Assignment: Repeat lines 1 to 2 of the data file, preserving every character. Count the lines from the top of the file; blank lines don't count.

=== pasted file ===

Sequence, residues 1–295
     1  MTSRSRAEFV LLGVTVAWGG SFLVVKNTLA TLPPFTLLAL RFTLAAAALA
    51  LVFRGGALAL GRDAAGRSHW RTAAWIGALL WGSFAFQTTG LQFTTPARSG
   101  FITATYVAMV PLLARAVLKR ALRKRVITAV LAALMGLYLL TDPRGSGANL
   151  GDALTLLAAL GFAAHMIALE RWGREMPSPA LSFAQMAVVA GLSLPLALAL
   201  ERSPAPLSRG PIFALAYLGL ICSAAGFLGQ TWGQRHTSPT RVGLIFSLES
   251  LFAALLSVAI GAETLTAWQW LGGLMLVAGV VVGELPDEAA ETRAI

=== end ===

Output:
Sequence, residues 1–295
     1  MTSRSRAEFV LLGVTVAWGG SFLVVKNTLA TLPPFTLLAL RFTLAAAALA